Vitafusion Folate Levels Subject of Class Action Lawsuit

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Santa Clara, CA: A proposed consumer fraud class action lawsuit has been filed against the makers of Vitafusion, alleging the multi-vitamins contain three times the amount of folate stated on the label and considered safe by the National Institutes of Health. Filed by David Chavez of Illinois, the suit claims that the amount of folate in Church & Dwight Co. Inc.'s Vitafusion multivitamin boosts the dosage above the level the National Institutes of Health has found potentially dangerous.

“This renders Vitafusion effectively worthless. Far from providing the NIH-recommended amount of folate, Vitafusion instead exposed plaintiff and members of the classes to an unsafe level of folate," the complaint states. The suit claims the company has misled consumers about its folate content.

Also known as vitamin B9, the NIH has determined that 400 micrograms of folate is the recommended daily dose, and that the “upper tolerable intake limit” is 1,000 micrograms. Doses above that level may cause health problems, including an increased risk of precancerous tumors becoming malignant. Vitamin B overdoses more generally can cause problems such as nerve toxicity and liver damage, the suit alleges.

Chavez states that Vitafusion’s label lists 400 micrograms of folacin on the vitamin label, but results from tests Chavez had done reveal the actual amount to be 1,232 micrograms, according to the suit. The mislabeling is a deliberate attempt to deceive customers about the contents of the supplement, Chavez alleges.

“Indeed, defendant surely understands that no reasonable consumer would purchase Vitafusion if it were accurately labeled as containing a dose above the UL,” the complaint alleges.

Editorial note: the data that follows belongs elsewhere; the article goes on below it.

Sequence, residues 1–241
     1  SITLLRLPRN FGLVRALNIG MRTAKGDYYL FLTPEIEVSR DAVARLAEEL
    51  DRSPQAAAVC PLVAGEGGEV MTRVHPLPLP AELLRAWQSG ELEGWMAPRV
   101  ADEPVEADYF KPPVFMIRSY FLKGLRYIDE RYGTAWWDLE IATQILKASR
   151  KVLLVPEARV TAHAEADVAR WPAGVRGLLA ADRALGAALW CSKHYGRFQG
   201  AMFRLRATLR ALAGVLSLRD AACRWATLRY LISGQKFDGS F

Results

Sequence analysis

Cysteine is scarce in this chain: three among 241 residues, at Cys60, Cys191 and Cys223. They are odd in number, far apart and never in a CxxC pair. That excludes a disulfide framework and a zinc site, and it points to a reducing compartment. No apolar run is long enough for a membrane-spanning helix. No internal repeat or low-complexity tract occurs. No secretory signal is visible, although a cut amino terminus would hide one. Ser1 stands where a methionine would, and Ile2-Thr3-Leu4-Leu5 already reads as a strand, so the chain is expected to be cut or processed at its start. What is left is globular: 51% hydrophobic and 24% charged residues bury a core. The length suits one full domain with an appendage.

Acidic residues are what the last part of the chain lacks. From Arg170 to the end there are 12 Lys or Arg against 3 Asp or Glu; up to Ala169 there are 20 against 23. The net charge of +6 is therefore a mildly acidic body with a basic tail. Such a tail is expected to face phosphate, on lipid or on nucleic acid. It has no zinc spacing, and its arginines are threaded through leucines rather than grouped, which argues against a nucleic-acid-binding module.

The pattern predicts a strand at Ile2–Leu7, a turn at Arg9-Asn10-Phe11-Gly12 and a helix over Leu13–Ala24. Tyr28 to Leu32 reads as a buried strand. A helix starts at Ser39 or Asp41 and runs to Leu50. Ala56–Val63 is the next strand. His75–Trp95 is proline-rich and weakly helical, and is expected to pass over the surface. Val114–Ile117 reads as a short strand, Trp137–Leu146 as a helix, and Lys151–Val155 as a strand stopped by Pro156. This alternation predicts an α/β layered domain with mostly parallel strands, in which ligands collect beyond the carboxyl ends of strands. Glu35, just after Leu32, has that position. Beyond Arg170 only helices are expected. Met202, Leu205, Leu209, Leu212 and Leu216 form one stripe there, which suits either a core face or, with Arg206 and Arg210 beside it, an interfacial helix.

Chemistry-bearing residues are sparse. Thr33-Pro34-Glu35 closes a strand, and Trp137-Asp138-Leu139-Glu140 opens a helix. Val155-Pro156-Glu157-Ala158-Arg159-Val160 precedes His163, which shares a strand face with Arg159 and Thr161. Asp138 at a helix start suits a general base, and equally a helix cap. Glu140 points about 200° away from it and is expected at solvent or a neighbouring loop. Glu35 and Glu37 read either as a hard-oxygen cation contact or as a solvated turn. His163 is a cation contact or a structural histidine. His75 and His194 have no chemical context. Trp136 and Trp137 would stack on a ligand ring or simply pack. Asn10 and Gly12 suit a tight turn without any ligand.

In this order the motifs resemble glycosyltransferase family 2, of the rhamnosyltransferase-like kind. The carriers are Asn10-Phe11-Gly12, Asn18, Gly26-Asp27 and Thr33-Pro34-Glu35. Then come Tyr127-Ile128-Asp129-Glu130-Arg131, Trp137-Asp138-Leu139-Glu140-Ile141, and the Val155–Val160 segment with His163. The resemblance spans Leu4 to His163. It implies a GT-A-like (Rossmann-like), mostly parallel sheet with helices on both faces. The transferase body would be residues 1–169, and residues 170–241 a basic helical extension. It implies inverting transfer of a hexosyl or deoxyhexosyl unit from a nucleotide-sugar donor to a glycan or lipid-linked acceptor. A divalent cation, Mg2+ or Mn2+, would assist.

Both the labeling and marketing of Vitafusion as a “high quality” dietary supplement constitutes fraud, the complaint asserts.

“The difference between the Vitafusion promised and the Vitafusion sold is significant. The exorbitant amount of excess folate provided in the dietary supplement exposes consumers to needless and completely avoidable risks,” the suit states.

Chavez is represented by Gary M. Klinger and Ryan F. Sullivan of Kozonis Law Ltd. and Daniel R. Johnson, Adam Waskowski and Seth Yohalem of Waskowski Johnson Yohalem LLP. The case is Chavez v. Church & Dwight Co. Inc., case number 1:17-cv-01948, in the U.S. District Court for the Northern District of Illinois.

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Reader Comments

Posted by
Juel Alfred
Add me

Posted by
Robin tyrrell
I am a demonstrator for Advantage Sales and Marketing and I work in Walmart. I have done several demos with Vitafusion Vitamins. I was led to believe that they were excelllent vitamins for everyone and were given instructions to promote these healthy Vitamins. Apparently they are not as good as I was told. I take pride in providing people with accurate product knowledge about my products and answer any question they have. I feeI have lied to them because of what they told me to tell them and I dont think that was right. I would feel so bad if someone was hurt taking something that I said it was good for them

Posted by
I get these types of vitamins for my kids. How would I know if this caused any harm to them if they are not showing any symptoms?

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